"I'm a week old in my faith, and again, I heard a voice say, 'Pick up your cross and follow me,' and then I'm reading this, 'And He said to all if anyone would come after me let him deny himself and take up his cross daily and follow me.' I read that and I thought, I couldn't fake that in a million years," Sontag said. "So I got on my knees that night and said, 'Lord, I'm all yours.'"

Sontag's show on KKLA is in the same time slot as the late Frank Pastore's show. Pastore died near the end of last year, one month after a motorcycle accident on a Southern California freeway left him in a coma.

Sontag said he's been a Christian for just a "handful of years." His enthusiasm to share the Gospel on air is evident and asking his guests to share how they came to accept Jesus has made for some remarkable and emotional moments on air.

He told CP that his own transformation after accepting Jesus, which came while at KLOS, was remarkable.

"I was in that culture. I smoked pot. I played ball (basketball) in college and then let my hair grow and found Led Zepplin and did all that stuff," he said.

He shared about meeting legendary singer Tom Jones and rocker Steven Tyler at the KLOS station.

"Before I came to Christ, we had Tom Jones on, and Mark and Brian (talk show hosts) asked him how much he was worth," Sontag recalled. "He basically said $500 million and my heart was so envious and jealous. I thought, 'Wow, what's that like?' A handful of years later, after I came to Christ, we had Steven Tyler on, from Aerosmith, he carried this big bag and he dumped out on the table these big gold bars, $100 bills everywhere, and he went into great detail about all of his wealth, and my heart hurt. So I went from being envious and jealous, to after I came to Christ, my heart really hurt for him. I knew the transformation [in myself] happened."

After becoming a Christian, there were some difficulties in his life, including a period of time when he and his wife, Erin, who was not a believer at the time, spent some time apart. Things began to change for the better, and two years ago, Erin, also accepted Jesus into her life.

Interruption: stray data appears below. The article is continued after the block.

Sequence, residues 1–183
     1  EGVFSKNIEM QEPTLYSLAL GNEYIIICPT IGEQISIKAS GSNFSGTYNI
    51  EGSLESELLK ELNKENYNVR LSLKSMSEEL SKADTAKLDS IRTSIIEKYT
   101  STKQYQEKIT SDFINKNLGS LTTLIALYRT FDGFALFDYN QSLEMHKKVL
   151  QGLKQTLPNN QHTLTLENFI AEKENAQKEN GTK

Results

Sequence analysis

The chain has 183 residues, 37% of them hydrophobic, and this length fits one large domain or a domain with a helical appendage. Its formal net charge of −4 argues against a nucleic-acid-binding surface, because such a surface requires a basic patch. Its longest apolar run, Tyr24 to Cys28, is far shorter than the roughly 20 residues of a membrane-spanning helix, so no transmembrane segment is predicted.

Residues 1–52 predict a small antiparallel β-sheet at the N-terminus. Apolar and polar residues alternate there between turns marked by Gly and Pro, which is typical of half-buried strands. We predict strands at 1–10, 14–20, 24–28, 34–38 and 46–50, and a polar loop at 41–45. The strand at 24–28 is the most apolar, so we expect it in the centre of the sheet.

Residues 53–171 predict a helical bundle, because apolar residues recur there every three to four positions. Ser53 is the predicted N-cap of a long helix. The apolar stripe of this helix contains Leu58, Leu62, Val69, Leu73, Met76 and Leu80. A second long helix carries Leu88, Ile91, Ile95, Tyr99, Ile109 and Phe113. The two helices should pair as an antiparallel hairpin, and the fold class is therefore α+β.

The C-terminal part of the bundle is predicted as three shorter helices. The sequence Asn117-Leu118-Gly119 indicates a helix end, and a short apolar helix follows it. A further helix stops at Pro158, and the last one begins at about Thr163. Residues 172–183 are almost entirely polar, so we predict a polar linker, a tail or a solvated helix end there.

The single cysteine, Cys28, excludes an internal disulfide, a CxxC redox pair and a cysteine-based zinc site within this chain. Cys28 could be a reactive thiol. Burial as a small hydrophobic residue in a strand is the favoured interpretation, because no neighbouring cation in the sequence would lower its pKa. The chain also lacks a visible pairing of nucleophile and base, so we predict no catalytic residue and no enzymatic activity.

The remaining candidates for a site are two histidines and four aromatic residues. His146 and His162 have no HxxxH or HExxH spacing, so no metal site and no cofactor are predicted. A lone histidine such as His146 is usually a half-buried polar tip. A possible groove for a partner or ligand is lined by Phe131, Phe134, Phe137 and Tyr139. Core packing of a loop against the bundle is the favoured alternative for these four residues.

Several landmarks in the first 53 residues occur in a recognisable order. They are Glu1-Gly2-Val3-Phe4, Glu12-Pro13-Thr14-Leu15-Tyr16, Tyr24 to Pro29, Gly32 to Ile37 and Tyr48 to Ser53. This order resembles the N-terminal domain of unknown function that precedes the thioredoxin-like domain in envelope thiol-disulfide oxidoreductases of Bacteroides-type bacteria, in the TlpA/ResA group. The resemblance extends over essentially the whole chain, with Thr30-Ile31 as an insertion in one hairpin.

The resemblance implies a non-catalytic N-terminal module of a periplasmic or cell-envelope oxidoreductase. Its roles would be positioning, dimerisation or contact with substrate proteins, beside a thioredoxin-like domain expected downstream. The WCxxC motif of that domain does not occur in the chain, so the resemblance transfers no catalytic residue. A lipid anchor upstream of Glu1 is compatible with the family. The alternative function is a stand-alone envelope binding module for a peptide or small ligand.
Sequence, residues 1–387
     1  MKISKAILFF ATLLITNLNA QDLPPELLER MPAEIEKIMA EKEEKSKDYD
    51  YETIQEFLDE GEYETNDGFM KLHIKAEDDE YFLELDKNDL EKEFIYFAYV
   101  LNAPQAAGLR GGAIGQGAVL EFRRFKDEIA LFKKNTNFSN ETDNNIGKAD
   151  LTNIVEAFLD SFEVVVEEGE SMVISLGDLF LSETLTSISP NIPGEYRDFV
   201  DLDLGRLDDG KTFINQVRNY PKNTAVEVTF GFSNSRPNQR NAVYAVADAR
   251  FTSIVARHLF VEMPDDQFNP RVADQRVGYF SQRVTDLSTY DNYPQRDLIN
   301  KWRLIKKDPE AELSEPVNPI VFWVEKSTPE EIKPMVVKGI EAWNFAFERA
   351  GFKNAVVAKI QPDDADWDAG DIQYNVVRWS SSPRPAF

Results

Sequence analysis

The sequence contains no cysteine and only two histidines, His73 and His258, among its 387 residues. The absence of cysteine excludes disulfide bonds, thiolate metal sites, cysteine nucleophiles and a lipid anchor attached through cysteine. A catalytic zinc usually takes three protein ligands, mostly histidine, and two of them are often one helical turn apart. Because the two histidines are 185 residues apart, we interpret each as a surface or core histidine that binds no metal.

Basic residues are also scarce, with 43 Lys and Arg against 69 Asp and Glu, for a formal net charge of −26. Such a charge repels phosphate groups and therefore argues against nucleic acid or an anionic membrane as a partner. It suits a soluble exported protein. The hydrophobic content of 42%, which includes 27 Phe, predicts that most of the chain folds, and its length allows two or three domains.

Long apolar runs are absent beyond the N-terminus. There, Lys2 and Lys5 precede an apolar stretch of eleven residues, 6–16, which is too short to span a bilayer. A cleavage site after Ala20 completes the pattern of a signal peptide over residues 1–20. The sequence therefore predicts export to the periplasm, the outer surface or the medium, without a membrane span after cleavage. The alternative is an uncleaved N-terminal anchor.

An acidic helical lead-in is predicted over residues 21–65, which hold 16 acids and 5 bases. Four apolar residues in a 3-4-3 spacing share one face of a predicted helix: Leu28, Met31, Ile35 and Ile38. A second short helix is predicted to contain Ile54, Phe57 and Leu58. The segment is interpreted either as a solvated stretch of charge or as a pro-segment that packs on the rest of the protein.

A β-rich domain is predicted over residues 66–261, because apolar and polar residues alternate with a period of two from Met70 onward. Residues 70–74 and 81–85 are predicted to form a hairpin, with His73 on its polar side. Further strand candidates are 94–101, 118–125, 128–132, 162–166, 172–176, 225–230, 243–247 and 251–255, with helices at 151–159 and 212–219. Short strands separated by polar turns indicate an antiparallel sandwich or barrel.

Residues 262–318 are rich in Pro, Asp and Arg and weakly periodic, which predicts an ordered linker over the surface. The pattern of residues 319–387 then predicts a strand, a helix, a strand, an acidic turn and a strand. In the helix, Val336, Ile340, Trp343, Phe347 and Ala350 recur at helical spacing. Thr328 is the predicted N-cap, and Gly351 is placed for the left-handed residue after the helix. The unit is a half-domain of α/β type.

When he was no longer the host of the Impact show and working as a board operator for the famed "Mark and Brian Show" on KLOS, Sontag's walk with the Lord included praying for answers in regards to his career.

"When I came to Christ, I was so burdened on that show, and my wife said she wanted to leave, I came to work one morning and was crying in the hallway and my janitor found me. I didn't know it at the time, but he's a pastor and he prayed with me that morning," he said. "We prayed every morning for two, three years and I prayed 'Lord, I don't know why you have me here, but this is not fun and I want out.' We would pray in the studio with the guys there … finally, in August of last year they (KLOS) fired [everyone involved with the Mark and Brian Show]."

Prior to coming to KKLA, Sontag said he thought that maybe he was done with his radio career. However, after filling in on The Frank Pastore Show time slot periodically since Thanksgiving of last year, on June 13, KKLA officially announced that Sontag would be the successor.

Following one of the nights that first week he was filling in on the air for the show before a decision was made by the station as to who to hire, his thoughts were: "I did 21 years of radio and I never experienced what I experienced that day. Not only in the context of doing the show of Christian radio, speaking about my love for my Lord, Jesus Christ, but in the hallway I would have people stop me and pray with me and I remember calling my wife and saying 'You are not going to believe what a day I just had.' I said, 'I feel like I'm home.'"